Bucking Trump, These Cities, States and Companies Commit to Paris Accord – The New York Times

It was unclear how, exactly, that submission to the United Nations would take place. Christiana Figueres, a former top United Nations climate official, said there was currently no formal mechanism for entities that were not countries to be full parties to the Paris accord.

Ms. Figueres, who described the Trump administration’s decision to withdraw as a “vacuous political melodrama,” said the American government was required to continue reporting its emissions to the United Nations because a formal withdrawal would not take place for several years.

But Ms. Figueres, the executive secretary of the United Nations Framework Convention on Climate Change until last year, said the Bloomberg group’s submission could be included in future reports the United Nations compiled on the progress made by the signatories of the Paris deal.

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There are 195 countries committed to reducing their greenhouse gas emissions as part of the 2015 agreement.

Still, producing what Mr. Bloomberg described as a “parallel” pledge would indicate that leadership in the fight against climate change in the United States had shifted from the federal government to lower levels of government, academia and industry.

Mr. Bloomberg, a United Nations envoy on climate, is a political independent who has been among the critics of Mr. Trump’s climate and energy policies.

Mayors of cities including Los Angeles, Atlanta and Salt Lake City have signed on — along with Pittsburgh, which Mr. Trump mentioned in his speech announcing the withdrawal — as have Hewlett-Packard, Mars and dozens of other companies.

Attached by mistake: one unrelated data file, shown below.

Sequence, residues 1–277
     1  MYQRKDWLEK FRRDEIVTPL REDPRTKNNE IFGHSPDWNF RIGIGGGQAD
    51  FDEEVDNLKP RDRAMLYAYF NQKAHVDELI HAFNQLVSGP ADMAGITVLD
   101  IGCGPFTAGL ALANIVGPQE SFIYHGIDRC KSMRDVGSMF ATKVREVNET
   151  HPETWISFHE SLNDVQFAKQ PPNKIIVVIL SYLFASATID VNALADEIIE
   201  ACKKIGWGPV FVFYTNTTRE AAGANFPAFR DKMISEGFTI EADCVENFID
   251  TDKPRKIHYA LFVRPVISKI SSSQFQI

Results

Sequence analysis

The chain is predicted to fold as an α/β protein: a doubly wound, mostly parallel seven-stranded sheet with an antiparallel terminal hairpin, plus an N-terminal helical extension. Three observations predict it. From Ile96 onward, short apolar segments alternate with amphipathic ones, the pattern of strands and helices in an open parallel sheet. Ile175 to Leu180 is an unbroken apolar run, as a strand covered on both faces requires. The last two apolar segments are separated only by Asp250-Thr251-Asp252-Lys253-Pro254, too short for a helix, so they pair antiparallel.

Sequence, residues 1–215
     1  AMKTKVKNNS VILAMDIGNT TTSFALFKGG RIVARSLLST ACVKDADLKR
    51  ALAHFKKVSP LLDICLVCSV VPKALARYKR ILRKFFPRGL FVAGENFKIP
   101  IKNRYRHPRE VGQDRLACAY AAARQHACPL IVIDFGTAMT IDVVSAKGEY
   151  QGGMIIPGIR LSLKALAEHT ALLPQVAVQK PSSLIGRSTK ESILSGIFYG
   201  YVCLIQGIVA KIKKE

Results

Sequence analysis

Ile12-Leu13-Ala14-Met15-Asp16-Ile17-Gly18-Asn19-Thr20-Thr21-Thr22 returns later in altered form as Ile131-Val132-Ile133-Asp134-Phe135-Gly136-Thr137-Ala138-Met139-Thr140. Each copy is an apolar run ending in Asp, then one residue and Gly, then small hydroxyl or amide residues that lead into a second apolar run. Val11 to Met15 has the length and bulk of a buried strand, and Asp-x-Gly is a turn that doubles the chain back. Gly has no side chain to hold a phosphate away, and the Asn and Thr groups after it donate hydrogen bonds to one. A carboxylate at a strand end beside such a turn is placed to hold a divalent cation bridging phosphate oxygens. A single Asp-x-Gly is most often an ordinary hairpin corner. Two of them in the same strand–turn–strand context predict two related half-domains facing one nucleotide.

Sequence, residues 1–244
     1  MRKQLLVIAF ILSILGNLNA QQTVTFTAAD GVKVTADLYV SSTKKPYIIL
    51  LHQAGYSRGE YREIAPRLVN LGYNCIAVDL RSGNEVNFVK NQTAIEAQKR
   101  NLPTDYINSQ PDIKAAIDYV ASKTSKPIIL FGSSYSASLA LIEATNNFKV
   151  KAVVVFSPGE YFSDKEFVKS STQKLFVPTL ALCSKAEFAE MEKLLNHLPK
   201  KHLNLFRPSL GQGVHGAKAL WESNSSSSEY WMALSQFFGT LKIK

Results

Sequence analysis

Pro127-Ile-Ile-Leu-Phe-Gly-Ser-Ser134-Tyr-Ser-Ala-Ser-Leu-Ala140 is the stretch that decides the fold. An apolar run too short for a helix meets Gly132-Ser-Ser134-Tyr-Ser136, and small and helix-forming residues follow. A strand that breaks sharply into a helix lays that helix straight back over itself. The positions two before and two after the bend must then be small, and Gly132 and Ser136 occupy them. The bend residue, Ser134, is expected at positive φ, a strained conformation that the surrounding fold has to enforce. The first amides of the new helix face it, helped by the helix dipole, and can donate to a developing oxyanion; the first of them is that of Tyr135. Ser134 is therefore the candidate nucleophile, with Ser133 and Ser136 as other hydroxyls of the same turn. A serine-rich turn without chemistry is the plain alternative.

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Bloomberg Says Cities Will Fight Climate Change, With or Without Trump – The New York Times

Donald J. Trump has said climate change is a hoax created by the Chinese to get the United States to suppress its manufacturing sector. That prompted a public rebuttal last week from a Chinese official attending a climate summit meeting in Marrakesh, Morocco.

On Tuesday, Mr. Trump appeared to back away from the strict climate-denier viewpoint embraced by many Republicans in an interview with The New York Times, saying that there was “some connectivity” between human activity and climate change. He also said he wanted to keep an “open mind” about whether to pull the United States out of the Paris Agreement, the main global climate change accord.

Mr. Trump’s opacity means it is unclear whether he will actually support policies to limit the effects of climate change after being sworn in as president in January. But officials from China, which has surpassed the United States as the world’s largest emitter of greenhouse gas, have said they will move forward on climate policies without the Americans, if it comes to that.

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California, at Forefront of Climate Fight, Won’t Back Down to Trump – The New York Times

The prospect of California’s elevated role on climate change is the latest sign of how this state, where Hillary Clinton defeated Mr. Trump by more than four million votes, is preparing to resist the policies of the incoming White House. State and city officials have already vowed to fight any attempt by Washington to crack down on undocumented immigrants; Los Angeles officials last week set aside $10 million to help fund the legal costs of residents facing deportation.

The environmental effort poses decided risks for this state. For one thing, Mr. Trump and Republicans have the power to undercut California’s climate policies. The Trump administration could reduce funds for the state’s vast research community — including two national laboratories — which has contributed a great deal to climate science and energy innovation, or effectively nullify state regulations on clean air emissions and automobile fuel standards.

“They could basically stop enforcement of the Clean Air Act and CO2 emissions,” said Hal Harvey, president of Energy Innovation, a policy research group in San Francisco. “That would affect California because it would constrain markets. It would make them fight political and legal battles rather than scientific and technological ones.”

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